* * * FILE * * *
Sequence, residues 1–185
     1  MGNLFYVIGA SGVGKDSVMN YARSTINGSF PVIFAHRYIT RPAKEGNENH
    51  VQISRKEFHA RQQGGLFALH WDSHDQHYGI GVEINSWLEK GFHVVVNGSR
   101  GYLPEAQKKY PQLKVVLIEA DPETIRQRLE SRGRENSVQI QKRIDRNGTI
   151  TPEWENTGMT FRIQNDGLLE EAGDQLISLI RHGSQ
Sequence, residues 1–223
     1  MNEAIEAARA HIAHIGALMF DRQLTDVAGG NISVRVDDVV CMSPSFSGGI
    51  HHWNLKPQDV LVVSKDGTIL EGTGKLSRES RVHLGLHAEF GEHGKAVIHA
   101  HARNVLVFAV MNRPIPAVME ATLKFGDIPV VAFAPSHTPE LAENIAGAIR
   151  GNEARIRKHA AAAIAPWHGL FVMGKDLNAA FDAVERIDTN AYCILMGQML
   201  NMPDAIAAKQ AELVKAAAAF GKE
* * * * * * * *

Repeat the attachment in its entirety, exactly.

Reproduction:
Sequence, residues 1–185
     1  MGNLFYVIGA SGVGKDSVMN YARSTINGSF PVIFAHRYIT RPAKEGNENH
    51  VQISRKEFHA RQQGGLFALH WDSHDQHYGI GVEINSWLEK GFHVVVNGSR
   101  GYLPEAQKKY PQLKVVLIEA DPETIRQRLE SRGRENSVQI QKRIDRNGTI
   151  TPEWENTGMT FRIQNDGLLE EAGDQLISLI RHGSQ
Sequence, residues 1–223
     1  MNEAIEAARA HIAHIGALMF DRQLTDVAGG NISVRVDDVV CMSPSFSGGI
    51  HHWNLKPQDV LVVSKDGTIL EGTGKLSRES RVHLGLHAEF GEHGKAVIHA
   101  HARNVLVFAV MNRPIPAVME ATLKFGDIPV VAFAPSHTPE LAENIAGAIR
   151  GNEARIRKHA AAAIAPWHGL FVMGKDLNAA FDAVERIDTN AYCILMGQML
   201  NMPDAIAAKQ AELVKAAAAF GKE